Advance your students from relative measurements to learning about standardized units with this lesson that teaches them about inches and feet by using common classroom objects.
Students will be able to measure and estimate lengths using inches and feet.
Introduction (5 minutes)
- Tell students that today they will be using a ruler to measure using inches, a unit of measurement equal to 2.54 cm or about the diameter of a quarter, and feet, a unit of measurement equal to 12 inches or about the height of a folder.
- Review with students how to use a ruler to measure feet and inches.
Explicit Instruction/Teacher Modeling (5 minutes)
- Explain to students how to estimate a measurement. For example: Ask students whether a coffee cup is more likely to be 5 inches or 5 feet tall. They should logically come up with the answer that a coffee cup is 5 inches tall.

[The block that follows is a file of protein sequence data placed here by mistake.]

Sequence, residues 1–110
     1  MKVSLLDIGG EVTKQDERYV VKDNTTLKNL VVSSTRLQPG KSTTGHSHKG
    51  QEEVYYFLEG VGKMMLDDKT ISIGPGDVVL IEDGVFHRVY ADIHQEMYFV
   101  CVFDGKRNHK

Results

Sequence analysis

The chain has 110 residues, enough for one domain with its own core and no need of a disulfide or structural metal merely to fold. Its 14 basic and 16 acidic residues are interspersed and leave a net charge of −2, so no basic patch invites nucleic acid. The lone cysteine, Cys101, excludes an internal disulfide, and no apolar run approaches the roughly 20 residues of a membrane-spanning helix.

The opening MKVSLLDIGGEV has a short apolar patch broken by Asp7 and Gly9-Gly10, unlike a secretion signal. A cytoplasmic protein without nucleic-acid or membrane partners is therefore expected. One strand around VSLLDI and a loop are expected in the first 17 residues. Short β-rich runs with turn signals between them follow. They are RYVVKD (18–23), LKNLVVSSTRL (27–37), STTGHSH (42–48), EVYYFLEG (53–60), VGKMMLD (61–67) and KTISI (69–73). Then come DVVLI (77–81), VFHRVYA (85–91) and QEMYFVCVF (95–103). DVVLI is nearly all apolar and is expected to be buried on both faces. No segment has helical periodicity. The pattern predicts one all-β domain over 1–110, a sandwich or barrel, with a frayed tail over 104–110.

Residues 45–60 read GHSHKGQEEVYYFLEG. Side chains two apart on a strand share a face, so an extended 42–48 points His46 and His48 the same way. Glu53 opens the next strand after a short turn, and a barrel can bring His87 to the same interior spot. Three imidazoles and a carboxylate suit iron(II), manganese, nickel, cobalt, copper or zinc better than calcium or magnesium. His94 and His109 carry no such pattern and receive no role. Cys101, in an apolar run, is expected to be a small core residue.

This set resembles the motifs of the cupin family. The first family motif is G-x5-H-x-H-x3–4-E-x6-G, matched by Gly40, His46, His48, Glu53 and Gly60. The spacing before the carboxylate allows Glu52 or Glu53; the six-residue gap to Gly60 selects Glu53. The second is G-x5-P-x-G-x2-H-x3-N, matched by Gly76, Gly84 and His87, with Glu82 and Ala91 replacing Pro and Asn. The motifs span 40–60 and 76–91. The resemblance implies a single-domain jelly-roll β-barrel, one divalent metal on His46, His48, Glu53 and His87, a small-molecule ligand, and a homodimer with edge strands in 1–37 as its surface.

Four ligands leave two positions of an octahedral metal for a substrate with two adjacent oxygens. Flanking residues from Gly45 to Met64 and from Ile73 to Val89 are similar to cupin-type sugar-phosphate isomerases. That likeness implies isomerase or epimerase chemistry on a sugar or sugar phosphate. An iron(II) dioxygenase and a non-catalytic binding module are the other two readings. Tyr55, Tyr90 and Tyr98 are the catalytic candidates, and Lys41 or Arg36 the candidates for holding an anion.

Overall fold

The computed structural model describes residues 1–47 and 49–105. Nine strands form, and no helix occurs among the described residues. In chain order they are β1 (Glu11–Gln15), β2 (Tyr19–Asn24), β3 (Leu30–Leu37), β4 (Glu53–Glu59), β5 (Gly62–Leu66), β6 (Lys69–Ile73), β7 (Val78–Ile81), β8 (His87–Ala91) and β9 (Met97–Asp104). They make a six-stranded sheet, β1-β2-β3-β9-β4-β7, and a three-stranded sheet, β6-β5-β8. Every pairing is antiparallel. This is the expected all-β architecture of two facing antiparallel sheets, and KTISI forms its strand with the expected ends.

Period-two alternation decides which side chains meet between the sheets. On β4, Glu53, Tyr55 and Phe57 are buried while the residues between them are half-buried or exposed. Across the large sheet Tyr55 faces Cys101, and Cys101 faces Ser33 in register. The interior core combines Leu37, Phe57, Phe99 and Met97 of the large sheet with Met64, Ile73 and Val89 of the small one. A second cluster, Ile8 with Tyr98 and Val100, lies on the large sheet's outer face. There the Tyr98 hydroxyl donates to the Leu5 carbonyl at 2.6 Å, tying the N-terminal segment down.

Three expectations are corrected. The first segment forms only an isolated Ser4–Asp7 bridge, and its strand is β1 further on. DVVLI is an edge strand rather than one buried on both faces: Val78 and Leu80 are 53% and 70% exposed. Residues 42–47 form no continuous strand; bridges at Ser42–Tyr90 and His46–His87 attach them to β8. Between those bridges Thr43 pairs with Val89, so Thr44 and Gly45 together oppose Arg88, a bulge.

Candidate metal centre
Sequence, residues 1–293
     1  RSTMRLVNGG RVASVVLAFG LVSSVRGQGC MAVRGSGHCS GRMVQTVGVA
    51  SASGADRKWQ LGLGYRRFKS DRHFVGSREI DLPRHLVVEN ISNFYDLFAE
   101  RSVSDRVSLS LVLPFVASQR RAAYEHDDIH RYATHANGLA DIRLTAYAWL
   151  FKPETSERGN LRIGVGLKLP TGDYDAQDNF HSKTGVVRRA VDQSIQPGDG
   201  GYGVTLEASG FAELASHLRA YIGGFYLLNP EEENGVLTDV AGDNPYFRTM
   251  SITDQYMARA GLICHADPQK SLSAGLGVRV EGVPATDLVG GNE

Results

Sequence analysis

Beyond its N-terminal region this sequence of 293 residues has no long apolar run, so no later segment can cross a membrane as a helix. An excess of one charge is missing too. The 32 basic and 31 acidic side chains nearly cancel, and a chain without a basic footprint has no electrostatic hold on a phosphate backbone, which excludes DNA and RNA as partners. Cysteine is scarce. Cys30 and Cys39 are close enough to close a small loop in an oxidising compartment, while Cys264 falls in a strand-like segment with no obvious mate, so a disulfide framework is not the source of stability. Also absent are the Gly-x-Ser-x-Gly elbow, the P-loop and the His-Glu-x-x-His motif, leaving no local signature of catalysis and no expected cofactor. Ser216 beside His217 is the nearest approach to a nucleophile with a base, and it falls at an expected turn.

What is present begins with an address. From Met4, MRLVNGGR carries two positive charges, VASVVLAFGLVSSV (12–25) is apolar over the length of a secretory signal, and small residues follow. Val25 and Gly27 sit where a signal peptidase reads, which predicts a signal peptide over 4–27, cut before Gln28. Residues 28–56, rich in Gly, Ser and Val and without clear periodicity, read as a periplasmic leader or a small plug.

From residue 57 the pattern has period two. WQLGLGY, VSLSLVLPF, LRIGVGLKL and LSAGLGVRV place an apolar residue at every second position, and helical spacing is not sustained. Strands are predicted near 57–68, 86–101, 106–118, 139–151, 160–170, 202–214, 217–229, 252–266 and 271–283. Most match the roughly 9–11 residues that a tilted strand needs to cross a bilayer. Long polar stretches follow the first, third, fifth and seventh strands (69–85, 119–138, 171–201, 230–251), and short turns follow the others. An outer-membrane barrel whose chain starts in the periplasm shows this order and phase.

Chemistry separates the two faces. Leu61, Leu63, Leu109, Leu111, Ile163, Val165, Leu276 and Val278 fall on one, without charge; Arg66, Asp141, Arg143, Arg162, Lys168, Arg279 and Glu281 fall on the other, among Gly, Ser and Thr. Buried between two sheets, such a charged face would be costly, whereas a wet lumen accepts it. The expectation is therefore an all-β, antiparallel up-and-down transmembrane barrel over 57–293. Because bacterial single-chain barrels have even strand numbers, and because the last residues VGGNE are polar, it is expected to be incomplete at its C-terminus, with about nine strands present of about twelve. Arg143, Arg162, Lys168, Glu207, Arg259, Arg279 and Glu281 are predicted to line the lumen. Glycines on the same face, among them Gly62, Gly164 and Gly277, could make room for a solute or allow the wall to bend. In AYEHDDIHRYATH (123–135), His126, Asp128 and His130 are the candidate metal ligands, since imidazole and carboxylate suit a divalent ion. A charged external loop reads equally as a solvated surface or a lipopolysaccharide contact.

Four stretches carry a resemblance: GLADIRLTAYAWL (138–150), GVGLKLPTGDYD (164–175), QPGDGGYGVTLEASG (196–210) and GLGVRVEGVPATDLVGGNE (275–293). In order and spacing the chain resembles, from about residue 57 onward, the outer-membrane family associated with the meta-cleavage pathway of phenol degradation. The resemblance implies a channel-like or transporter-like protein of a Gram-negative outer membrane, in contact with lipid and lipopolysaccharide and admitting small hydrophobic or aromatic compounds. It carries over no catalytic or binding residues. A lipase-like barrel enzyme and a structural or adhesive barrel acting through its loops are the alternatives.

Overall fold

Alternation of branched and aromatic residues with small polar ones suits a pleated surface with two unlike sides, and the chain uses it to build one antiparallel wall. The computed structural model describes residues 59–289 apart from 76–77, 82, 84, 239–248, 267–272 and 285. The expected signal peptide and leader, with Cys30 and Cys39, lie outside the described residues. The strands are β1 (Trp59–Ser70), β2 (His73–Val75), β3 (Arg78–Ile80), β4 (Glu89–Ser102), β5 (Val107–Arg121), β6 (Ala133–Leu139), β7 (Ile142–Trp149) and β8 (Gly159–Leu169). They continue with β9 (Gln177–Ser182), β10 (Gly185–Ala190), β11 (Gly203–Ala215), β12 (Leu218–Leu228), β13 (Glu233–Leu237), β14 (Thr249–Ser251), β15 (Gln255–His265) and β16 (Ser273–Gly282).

- Wander around the classroom and measure a few things to solidify this idea for your students.
Guided Practice/Interactive Modeling (10 minutes)
- Ask students to measure some objects at their desks.
- Show them that some objects can be measured using both inches and feet, for example, a desk.
- Review that an estimation is an educated guess, in this case, of the length of an object.
- Explain that next they will measure some objects around the room, followed by completing two measurement worksheets by estimating.
Independent Working Time (20 minutes)
- Have students partner up and measure 10 things around the room, the pair will need to write down what they measured and the measurements.
- Have students complete the two measurement worksheets.
- Enrichment: Students may measure larger objects with a meter stick.
- Support: Have students focus on 5 objects to measure instead of 10.
Assessment (5 minutes)
- Students will be assessed by their recorded measurements and the correctness of their worksheets.
Review and Closing (5 minutes)
- Have students share some of the different items they measured and their measurements.
- Ask students if they had a hard time measuring anything and why it could've been difficult. Example: students may have tried measuring something long, such as a bulletin board, with a ruler, and had a hard time keeping exact measurements